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611 W. Union Street
Benson, AZ 85602
(520) 586-0800

AzCH Nurse Assist Line
1-866-495-6735

NAZCARE Warm Line
1-888-404-5530


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More Smoking, Heart Woes Boost Native Americans' Stroke Risk

HealthDay News
by -- Robert Preidt
Updated: Jan 31st 2019

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THURSDAY, Jan. 31, 2019 (HealthDay News) -- Stroke risk factors are on the rise among Native Americans, a new study reveals.

Previous research has shown that Native Americans have a higher rate of stroke than other racial groups in the United States.

"It was alarming to find a significant increase in modifiable risk factors, like smoking and high blood pressure," said study author Dr. Dinesh Jillella. He is a vascular neurology fellow at the Cleveland Clinic Foundation.

"Clinicians should aggressively target modifiable stroke risk factors in the Native American population," Jillella said in a news release from the American Stroke Association.

"All of us need to be aware of risk factors like high blood pressure, smoking and diabetes that can lead to stroke," he added. "Identifying increases in risk factors in ethnic groups with health and socioeconomic disparities can help us target these risks to reduce the stroke burden going forward."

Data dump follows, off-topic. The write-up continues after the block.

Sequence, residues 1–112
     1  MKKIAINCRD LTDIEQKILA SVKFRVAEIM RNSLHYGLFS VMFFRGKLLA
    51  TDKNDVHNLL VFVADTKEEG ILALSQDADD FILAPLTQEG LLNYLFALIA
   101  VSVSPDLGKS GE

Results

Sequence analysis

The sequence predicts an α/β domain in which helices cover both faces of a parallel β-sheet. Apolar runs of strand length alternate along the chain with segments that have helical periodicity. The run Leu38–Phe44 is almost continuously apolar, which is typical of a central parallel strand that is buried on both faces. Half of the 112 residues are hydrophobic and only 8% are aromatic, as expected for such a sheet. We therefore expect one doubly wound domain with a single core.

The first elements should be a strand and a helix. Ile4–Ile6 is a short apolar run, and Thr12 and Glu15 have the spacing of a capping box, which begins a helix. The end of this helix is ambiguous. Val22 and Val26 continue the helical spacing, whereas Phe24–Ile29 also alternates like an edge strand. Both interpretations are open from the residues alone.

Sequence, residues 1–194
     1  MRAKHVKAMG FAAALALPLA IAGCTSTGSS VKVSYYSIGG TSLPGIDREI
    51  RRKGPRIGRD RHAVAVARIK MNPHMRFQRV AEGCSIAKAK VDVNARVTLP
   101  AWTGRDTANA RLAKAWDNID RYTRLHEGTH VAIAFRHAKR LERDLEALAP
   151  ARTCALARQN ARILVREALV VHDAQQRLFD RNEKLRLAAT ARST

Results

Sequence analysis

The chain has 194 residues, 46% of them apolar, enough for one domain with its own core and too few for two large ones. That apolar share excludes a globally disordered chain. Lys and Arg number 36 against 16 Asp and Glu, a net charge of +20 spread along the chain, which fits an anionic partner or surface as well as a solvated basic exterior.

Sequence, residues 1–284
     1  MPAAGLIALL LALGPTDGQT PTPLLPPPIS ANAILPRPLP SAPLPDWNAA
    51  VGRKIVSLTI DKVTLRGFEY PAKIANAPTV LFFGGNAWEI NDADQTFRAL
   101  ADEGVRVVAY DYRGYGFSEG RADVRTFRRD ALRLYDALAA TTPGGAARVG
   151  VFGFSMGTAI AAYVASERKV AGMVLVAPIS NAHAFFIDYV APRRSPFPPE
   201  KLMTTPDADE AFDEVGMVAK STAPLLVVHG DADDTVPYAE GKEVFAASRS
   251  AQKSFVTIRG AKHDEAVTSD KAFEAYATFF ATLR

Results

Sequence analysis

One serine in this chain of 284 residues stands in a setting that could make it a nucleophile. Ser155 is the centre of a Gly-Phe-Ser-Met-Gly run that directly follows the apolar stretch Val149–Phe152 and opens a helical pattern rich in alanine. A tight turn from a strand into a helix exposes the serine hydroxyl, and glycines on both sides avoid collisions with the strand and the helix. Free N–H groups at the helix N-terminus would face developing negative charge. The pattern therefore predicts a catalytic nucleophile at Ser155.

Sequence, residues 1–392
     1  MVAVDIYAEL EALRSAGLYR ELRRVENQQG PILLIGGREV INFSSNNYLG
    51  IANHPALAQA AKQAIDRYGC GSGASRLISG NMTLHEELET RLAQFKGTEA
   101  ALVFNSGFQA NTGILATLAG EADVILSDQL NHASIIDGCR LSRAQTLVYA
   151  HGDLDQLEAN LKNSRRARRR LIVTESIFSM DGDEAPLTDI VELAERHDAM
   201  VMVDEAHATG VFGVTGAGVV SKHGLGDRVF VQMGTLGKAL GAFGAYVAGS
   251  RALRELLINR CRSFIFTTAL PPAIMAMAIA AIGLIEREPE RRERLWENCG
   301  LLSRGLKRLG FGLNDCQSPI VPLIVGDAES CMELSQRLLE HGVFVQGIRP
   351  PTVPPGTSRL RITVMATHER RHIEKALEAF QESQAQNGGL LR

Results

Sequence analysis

In the study, the investigators used data from 700 hospitals nationwide to identify more than 4,700 Native Americans who had an ischemic (clot-caused) stroke between 2000 and 2016.

The patients had high rates of stroke risk factors, including: high blood pressure (67 percent); diabetes (39 percent); coronary heart disease (23 percent); smoking (22 percent); heart failure (12 percent); atrial fibrillation, an irregular heartbeat (10.5 percent); and atrial flutter, an abnormally fast heartbeat (1.4 percent).

Further analysis revealed a significant rise in all the risk factors, except for diabetes, between 2000 and 2016.

The report is scheduled for presentation Feb. 7 at the American Stroke Association annual meeting in Honolulu. Such research should be considered preliminary until published in a peer-reviewed journal.

The researchers are now comparing rates of stroke risk factors in Native American stroke survivors with those from other racial groups who have a lower incidence of stroke.

In addition, the investigators are also examining the rates of stroke risk factors among Native Americans who suffer a bleeding (hemorrhagic) stroke.

More information

The U.S. National Institute of Neurological Disorders and Stroke has more on stroke risk factors and symptoms.